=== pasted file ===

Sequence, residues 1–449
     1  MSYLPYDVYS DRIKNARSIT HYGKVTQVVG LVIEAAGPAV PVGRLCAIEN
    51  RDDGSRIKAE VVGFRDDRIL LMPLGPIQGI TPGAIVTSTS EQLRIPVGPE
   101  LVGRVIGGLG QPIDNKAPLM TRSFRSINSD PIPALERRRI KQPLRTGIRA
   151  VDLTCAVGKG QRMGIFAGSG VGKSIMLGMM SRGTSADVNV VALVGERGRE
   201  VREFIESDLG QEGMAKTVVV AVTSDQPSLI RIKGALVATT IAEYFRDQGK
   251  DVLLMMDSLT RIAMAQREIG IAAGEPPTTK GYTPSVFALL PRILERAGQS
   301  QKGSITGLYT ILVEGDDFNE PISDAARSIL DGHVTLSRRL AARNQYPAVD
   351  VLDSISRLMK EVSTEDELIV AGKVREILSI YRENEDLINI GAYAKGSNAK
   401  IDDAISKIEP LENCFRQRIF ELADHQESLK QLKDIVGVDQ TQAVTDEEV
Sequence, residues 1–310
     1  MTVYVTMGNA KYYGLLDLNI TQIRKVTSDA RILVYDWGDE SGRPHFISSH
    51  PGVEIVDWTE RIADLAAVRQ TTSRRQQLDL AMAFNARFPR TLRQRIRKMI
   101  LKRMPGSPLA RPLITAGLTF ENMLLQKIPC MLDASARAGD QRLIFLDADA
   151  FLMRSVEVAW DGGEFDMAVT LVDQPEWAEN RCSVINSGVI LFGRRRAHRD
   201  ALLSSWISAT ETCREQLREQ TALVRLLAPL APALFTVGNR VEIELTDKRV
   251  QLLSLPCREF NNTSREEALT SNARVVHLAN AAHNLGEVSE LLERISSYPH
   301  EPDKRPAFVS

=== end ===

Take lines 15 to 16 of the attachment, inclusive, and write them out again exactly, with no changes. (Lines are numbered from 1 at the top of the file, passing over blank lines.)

   151  FLMRSVEVAW DGGEFDMAVT LVDQPEWAEN RCSVINSGVI LFGRRRAHRD
   201  ALLSSWISAT ETCREQLREQ TALVRLLAPL APALFTVGNR VEIELTDKRV